Dealing with a chemical spill is no easy matter. The legal and environmental considerations can seem overwhelming for a company that suddenly finds itself dealing with them during a spill. At Protect Environmental, we want to help our clients cope with chemical spills and understand what their responsibilities are so we’ve answered some of the most common questions regarding chemical spills.
Why do private HazMat contractors exist?
It’s a common misconception that all chemical spills or other HazMat situations are handled by teams run by government agencies. Most large cities and a few companies maintain their own HazMat teams but the expense is too great for a majority of companies and local jurisdictions. Due to the cost of training responders and purchasing and maintaining specialized equipment, it makes sense for a private contractor to respond to spills on behalf of multiple parties rather than those parties having a team that may never be utilized.
What do you do when a chemical spill occurs?
The first thing that should happen after a chemical spill is to evacuate the area of personnel who could be exposed. Someone with knowledge of the product and its properties should lead or at least help coordinate the effort to keep employees clear of danger. Employees not involved in containing the spill should stay uphill and upwind of where the spill occurred. Only personnel with the right training and equipment should try to contain or slow the spread of the spilled chemical.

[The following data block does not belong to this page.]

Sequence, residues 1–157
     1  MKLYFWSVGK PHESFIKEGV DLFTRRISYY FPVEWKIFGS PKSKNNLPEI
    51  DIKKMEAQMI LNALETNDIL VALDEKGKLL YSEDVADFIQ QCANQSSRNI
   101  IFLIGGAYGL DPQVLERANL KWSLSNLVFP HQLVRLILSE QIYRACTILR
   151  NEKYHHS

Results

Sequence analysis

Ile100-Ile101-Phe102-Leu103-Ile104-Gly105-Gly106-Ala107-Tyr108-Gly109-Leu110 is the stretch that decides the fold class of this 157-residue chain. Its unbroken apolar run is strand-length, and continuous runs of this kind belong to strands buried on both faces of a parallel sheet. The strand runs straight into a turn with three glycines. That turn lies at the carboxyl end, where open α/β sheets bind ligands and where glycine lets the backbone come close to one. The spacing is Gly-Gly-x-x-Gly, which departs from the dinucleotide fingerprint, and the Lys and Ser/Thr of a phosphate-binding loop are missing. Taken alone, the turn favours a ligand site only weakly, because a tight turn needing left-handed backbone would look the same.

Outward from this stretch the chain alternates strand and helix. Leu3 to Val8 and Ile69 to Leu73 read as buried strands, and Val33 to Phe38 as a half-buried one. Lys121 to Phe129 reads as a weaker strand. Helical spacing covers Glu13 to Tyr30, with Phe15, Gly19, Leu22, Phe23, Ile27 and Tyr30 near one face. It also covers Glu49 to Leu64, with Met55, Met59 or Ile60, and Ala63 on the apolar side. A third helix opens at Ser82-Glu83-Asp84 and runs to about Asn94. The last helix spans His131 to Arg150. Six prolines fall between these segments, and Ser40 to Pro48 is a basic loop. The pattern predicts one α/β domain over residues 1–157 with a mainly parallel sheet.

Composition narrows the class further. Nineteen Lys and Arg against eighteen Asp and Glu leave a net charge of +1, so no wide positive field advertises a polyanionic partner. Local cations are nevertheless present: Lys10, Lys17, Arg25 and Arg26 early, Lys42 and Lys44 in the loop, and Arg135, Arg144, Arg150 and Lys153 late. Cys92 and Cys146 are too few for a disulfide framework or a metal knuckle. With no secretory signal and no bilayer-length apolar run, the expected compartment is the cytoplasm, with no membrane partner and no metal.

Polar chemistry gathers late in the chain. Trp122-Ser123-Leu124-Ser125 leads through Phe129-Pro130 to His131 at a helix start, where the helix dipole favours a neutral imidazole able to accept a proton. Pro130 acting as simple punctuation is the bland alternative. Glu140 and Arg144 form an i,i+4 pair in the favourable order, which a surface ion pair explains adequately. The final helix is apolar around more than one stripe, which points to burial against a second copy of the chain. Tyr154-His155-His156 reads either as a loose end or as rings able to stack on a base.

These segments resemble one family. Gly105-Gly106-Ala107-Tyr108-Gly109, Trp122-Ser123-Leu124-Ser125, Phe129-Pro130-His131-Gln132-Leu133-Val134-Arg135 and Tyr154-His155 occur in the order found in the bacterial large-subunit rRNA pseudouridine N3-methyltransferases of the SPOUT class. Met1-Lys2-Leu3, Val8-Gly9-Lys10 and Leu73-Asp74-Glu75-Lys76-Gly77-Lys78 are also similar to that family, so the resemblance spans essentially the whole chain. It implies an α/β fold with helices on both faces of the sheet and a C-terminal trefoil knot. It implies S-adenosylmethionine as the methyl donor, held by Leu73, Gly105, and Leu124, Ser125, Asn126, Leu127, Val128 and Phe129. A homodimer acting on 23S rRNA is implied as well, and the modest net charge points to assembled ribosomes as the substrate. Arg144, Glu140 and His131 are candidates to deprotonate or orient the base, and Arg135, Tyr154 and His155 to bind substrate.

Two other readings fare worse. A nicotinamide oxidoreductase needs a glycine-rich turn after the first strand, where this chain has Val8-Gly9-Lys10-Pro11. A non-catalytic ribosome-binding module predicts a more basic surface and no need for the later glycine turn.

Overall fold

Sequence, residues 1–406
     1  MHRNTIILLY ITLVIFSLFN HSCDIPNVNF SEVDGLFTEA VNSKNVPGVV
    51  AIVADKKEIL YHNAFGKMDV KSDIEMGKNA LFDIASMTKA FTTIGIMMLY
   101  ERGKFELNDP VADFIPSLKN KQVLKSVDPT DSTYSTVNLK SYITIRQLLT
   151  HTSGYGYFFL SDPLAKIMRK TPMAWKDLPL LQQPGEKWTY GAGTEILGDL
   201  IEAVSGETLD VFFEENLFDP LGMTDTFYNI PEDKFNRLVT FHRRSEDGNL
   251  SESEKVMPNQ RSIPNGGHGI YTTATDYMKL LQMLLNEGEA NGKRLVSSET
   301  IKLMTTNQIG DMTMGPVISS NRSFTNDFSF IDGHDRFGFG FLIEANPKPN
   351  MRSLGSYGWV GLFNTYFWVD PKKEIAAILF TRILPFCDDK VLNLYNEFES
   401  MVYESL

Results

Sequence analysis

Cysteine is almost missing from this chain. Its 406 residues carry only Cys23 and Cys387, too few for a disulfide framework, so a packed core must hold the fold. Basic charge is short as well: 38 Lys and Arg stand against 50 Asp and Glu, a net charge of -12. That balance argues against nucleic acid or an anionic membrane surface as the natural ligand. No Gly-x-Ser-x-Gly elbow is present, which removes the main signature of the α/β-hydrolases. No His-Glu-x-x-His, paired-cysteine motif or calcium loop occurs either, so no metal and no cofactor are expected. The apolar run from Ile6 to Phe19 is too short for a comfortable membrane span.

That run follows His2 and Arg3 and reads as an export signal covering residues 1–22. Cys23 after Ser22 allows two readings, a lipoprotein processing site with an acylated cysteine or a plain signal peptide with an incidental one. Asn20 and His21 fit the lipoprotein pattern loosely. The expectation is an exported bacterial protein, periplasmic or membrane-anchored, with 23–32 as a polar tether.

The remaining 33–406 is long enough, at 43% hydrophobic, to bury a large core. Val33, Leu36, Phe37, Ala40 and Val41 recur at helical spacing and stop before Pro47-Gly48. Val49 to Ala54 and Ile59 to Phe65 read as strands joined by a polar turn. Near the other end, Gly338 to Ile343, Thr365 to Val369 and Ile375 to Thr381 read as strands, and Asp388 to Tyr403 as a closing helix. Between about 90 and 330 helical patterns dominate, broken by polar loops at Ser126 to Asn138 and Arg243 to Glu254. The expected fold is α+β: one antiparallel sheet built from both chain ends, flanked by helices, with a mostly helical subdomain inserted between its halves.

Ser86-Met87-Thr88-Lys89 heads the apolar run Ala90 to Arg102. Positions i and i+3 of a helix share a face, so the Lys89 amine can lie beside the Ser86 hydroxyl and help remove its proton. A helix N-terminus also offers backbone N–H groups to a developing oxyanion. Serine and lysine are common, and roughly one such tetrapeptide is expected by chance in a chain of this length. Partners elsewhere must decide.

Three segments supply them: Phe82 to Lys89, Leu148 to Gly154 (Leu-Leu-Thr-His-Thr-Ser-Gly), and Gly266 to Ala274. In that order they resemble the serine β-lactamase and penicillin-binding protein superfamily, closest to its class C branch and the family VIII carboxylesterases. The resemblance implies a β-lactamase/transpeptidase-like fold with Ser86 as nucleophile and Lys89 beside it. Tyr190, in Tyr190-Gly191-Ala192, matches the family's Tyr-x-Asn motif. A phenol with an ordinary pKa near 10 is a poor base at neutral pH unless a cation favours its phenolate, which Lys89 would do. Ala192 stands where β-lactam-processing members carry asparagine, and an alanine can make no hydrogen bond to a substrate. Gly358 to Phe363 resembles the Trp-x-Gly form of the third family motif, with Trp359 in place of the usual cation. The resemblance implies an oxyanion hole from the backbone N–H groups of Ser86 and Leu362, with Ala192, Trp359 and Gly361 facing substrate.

Who should be called when there is a spill?
If a chemical spill occurs on or may spread to public property, if anyone has been injured or if the spill has the potential to cause destruction of property or harm to the public the first call should be to 911. Once local police and fire departments have been notified, the next call should be to a team that can handle the cleanup, such as Protect Environmental Services. When the spill is on private property and there is no immediate risk to life or property, you can call Protect Environmental right away.
Who is responsible when a chemical spill occurs?
In most cases, the responsible party is the person or company that had possession of the chemical when it spilled. A company that transports chemicals whether by truck, rail or boat may not own the cargo but they can be responsible when the chemicals are accidentally released during transport. In the case of large events such as the 2010 Gulf Oil Spill where responsible party may be liable for billions of dollars for cleanup and restoration, the legal battles may end up placing blame on multiple parties. When smaller spills occur on roadways or in warehouses; however, it’s usually easy to determine who is responsible.
What are a responsible party’s obligations?
The exact requirements vary from state to state but in Texas a responsible party must ensure that the spill is cleaned up, the wastes generated are managed properly and that a final report is filed with the state if the spill exceeded the reportable quantity for the chemical. Paying for the cost of cleanup and restoration is also a burden of the responsible party but most companies have insurance coverage that either reimburses them or pays for it directly. Companies that don’t have the right coverage must pay out of pocket. When a responsible party refuses to pay for a cleanup, they can face severe penalties and lawsuits brought by the state.
Even if a responsible party is proactive and calls a contractor immediately to perform the cleanup, they may still be at risk if they choose a contractor who is under-qualified and doesn’t handle the cleanup and wastes in a legal manner. The shortcuts and mistakes that they make ultimately fall upon the responsible party in the form of fines.